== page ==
The phone rang, “July 28th”, she said.  “Your surgery will be at 7:30 so you will need to arrive by 5:30; no food or drink 12 hours before.”  What are seemingly routine words to some, have been the catalyst for many more sleepless nights and moments lost in thought over the last few days.

On July 28th at 7:30 am, I will undergo 5-6 hours of surgery where I will have a prophylactic bilateral mastectomy followed by reconstruction.  Many have said, “you don’t have to do this,” or “that’s such a radical decision” and even, “but you don’t have cancer.”

No, I don’t have cancer, yet.  Over the past year my mother has battled (and won) her SECOND fight with breast cancer and my younger sister is currently undergoing treatment for the same.  When my sister came to share her diagnosis with me, she asked only one thing of me, that I be genetically tested to determine if I was at risk.  No, I don’t have cancer, but I am BRCA 2 positive and therefore have a greater than 80% likelihood of developing breast cancer before age 60.

No, I don’t have cancer, but I have traveled beside these women as they journey and watched with great pain knowing that there is no action I can take or item I can buy that will make this easier for them.  Making this decision has not been an easy one, but knowing that the ones who love me most may never have to feel the pain of helplessness as you watch the “red devil” being administered, or have to hold back tears as you shave off the handfuls of hair that still remain, I HAVE to do this.

As I gradually share my story with others, I am almost always met with the response, “you are so strong, you will make it through this,” or “you are one of the strongest women I know…”. These words, always uttered with care and concern, have caused me to pause to define strength.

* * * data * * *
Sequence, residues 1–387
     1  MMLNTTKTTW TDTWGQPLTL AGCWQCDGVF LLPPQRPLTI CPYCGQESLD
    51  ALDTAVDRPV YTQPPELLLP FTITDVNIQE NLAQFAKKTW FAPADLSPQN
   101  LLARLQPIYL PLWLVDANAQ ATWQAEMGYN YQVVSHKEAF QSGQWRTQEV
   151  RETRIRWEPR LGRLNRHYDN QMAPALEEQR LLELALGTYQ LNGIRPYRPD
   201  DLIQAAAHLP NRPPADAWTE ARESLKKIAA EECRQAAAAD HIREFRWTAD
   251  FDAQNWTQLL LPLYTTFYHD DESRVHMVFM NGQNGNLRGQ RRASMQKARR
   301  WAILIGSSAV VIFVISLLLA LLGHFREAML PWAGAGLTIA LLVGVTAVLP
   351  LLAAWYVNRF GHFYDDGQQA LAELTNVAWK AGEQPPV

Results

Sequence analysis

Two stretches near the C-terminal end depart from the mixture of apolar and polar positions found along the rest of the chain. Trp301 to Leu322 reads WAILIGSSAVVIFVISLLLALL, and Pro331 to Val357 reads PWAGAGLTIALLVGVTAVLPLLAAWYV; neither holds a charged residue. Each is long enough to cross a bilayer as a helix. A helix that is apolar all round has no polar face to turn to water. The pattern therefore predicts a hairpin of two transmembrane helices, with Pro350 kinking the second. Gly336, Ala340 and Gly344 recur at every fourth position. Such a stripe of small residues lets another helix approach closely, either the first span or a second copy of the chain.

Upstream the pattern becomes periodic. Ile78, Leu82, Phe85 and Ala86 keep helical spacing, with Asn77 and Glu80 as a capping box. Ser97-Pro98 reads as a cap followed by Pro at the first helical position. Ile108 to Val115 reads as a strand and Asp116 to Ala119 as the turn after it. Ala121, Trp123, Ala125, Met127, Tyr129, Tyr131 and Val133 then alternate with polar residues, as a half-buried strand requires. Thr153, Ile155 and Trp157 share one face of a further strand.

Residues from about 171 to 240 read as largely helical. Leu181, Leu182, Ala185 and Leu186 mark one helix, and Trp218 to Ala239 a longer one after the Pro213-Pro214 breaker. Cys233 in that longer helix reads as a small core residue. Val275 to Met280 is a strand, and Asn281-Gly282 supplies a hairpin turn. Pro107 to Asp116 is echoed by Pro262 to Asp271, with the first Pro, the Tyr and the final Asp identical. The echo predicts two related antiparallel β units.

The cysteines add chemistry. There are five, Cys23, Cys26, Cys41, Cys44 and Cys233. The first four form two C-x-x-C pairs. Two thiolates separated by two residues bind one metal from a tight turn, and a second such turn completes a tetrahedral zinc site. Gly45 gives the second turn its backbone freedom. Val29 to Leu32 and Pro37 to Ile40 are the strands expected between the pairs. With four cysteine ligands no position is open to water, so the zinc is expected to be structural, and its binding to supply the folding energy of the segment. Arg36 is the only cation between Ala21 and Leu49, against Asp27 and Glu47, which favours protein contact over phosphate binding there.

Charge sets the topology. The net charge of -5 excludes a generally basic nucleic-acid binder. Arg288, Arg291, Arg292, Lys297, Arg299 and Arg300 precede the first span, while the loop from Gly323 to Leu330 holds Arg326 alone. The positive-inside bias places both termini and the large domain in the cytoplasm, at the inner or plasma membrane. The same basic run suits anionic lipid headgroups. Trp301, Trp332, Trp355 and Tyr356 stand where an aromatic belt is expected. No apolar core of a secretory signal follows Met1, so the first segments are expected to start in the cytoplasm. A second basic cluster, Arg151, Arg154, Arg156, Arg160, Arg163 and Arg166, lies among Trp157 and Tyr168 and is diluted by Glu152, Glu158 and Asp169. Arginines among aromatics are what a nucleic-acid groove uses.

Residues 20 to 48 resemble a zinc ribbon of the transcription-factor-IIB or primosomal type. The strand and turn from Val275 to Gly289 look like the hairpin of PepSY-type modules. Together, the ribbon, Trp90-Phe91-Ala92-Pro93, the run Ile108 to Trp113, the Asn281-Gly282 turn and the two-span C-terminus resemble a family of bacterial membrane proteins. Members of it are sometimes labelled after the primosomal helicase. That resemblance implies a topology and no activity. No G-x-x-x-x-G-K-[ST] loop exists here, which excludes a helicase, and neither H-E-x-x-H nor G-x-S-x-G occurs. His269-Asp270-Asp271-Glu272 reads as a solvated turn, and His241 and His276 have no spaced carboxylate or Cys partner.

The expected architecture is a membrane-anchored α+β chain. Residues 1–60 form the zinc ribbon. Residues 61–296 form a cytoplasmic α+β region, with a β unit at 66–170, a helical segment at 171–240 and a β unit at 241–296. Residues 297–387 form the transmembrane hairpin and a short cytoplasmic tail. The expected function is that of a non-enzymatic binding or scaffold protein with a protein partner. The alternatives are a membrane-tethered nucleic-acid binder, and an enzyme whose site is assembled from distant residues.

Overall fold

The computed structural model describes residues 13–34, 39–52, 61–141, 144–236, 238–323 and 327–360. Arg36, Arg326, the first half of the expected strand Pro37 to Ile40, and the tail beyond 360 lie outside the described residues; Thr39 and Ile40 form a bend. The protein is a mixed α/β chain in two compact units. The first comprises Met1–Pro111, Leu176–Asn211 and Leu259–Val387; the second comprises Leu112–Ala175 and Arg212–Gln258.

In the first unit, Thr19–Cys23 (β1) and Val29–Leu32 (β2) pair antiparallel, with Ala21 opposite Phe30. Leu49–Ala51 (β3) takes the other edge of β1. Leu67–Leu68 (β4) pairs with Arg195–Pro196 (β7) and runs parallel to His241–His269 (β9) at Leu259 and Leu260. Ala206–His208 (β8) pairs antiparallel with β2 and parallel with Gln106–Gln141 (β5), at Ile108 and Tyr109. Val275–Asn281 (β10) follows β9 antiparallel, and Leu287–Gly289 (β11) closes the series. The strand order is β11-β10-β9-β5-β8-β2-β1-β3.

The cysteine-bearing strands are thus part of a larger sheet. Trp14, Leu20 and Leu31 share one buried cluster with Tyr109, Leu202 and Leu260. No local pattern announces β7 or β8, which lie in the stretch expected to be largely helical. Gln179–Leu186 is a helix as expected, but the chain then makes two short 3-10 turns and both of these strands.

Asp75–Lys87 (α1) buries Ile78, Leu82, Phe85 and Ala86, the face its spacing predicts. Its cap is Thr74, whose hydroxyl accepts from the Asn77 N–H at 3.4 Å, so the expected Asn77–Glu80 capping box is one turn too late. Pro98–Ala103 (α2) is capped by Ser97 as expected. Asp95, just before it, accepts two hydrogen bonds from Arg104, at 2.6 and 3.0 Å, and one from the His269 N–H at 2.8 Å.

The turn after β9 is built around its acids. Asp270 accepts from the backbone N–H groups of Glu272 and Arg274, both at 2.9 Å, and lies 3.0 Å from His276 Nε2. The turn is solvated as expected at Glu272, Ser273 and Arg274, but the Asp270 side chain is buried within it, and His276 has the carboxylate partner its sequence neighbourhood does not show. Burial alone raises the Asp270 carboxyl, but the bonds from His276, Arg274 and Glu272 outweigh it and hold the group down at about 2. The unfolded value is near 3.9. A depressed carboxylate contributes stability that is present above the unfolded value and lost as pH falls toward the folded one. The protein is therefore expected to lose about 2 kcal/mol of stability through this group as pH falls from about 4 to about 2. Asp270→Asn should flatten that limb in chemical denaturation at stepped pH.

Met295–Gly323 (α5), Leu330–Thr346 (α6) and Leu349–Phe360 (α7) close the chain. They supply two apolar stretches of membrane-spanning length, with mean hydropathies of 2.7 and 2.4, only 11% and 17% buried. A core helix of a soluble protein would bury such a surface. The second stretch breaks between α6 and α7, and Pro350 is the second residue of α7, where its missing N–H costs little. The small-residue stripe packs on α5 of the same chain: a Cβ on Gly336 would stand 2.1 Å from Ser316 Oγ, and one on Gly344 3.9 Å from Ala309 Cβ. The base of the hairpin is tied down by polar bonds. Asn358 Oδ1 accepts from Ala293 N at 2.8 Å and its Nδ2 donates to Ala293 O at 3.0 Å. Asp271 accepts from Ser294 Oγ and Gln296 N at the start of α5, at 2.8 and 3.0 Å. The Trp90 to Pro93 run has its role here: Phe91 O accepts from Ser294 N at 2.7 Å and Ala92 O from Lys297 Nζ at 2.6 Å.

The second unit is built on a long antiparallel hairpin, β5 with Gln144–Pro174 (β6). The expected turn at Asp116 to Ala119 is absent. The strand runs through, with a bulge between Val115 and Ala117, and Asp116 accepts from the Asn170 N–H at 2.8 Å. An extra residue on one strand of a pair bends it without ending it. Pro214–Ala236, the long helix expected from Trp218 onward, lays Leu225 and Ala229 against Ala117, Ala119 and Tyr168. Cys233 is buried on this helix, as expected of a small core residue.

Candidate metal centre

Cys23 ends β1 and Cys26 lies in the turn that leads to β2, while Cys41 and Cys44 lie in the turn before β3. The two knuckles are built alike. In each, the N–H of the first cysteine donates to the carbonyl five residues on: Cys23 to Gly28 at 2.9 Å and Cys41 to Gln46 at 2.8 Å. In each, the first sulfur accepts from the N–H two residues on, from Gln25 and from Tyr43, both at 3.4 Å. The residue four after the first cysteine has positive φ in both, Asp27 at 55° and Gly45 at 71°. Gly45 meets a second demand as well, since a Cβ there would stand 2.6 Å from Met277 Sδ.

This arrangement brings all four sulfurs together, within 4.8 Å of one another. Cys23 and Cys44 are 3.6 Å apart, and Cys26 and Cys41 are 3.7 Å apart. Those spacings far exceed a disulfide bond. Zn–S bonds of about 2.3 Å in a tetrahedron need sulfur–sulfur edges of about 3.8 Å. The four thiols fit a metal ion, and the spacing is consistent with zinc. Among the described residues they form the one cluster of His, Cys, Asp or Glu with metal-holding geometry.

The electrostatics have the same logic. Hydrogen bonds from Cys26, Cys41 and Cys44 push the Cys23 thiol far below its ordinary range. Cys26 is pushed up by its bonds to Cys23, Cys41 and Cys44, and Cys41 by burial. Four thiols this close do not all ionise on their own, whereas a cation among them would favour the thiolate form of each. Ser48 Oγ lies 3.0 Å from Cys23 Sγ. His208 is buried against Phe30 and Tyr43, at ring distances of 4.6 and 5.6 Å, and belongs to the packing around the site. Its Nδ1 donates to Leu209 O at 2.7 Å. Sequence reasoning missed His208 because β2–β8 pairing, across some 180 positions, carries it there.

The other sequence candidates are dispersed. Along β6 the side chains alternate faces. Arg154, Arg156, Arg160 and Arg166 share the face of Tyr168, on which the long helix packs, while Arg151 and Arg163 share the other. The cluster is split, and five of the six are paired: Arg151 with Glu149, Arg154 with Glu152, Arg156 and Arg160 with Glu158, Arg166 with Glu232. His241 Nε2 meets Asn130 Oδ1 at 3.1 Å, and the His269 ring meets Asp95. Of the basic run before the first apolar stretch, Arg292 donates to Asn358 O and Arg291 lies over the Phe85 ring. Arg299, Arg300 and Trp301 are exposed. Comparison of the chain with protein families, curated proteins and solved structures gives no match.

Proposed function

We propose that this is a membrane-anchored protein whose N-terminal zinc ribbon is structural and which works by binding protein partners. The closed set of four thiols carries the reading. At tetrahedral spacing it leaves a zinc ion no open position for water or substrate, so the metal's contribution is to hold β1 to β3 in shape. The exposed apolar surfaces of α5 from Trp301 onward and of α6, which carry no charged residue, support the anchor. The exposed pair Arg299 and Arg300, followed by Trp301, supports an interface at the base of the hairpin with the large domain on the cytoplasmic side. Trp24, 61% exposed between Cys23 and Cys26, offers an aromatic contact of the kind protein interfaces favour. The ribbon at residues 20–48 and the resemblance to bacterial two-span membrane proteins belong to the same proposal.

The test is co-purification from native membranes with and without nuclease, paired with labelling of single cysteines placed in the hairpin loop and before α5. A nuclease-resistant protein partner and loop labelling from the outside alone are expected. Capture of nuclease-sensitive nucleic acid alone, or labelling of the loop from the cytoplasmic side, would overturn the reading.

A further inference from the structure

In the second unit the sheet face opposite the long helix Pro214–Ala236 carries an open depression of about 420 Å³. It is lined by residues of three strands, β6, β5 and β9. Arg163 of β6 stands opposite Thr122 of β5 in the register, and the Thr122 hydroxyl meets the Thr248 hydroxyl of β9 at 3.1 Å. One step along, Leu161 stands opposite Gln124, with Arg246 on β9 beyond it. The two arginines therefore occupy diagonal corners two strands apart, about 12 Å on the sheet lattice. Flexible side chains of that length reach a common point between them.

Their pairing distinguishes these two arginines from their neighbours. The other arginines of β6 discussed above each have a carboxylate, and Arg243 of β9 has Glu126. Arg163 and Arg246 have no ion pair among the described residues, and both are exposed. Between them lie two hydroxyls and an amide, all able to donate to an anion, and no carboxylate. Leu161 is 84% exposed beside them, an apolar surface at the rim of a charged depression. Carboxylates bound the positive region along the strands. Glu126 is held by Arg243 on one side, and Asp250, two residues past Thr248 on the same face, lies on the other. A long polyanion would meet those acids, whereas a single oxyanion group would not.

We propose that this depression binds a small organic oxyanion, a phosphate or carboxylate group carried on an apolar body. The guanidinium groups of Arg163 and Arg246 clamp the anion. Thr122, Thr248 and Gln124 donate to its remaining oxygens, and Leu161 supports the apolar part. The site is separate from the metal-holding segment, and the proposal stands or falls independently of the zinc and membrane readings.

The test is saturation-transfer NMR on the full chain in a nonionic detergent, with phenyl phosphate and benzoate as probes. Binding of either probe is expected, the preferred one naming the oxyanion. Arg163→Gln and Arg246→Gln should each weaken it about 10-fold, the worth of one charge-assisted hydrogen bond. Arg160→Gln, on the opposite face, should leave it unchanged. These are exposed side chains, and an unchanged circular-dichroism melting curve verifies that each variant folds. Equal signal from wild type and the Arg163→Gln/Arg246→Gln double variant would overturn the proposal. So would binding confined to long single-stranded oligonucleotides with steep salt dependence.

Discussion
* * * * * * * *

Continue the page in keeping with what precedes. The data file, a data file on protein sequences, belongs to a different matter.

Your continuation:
Strength is what is present when there is no other option and you still have to move forward.  The sun rises and sets each day and there are responsibilities within those hours that must be attended to, no matter the circumstance.  Strength is what we pray for to function “normally” within those hours.  Strength is:

  • the whispered conversations so you don’t have to tell your children what is happening quite yet;
  • the panic that is pushed back every time the phone rings;
  • the smile you see so the yawn from no sleep is masked;
  • the wells of tears blotted away on the drive to work so your makeup doesn’t run and you appear like nothing is wrong;
  • the same tears that fall silently so your family doesn’t see the pain with which you wrestle;
  • the deep breath to keep the tears from falling at all;
  • the ability to function after a sleepless night;
  • the silence and moments lost in thought about what is to come;
  • the fear for the moment that is to come when the bandages are pulled away and there is a void where there used to be the pieces of you that so distinctly made you a woman;
  • the desire to hide from the world until you look and  feel whole again;
  • the struggle each day to believe that the soul defines beauty rather than the shell that contains it.

So, I begin and end each day with all the strength I can muster, knowing “this too shall pass”. However, I appreciate the friend who said, “be well, you mean a lot to many,” to remind me that I have the strength and care of those around me as my journey continues….

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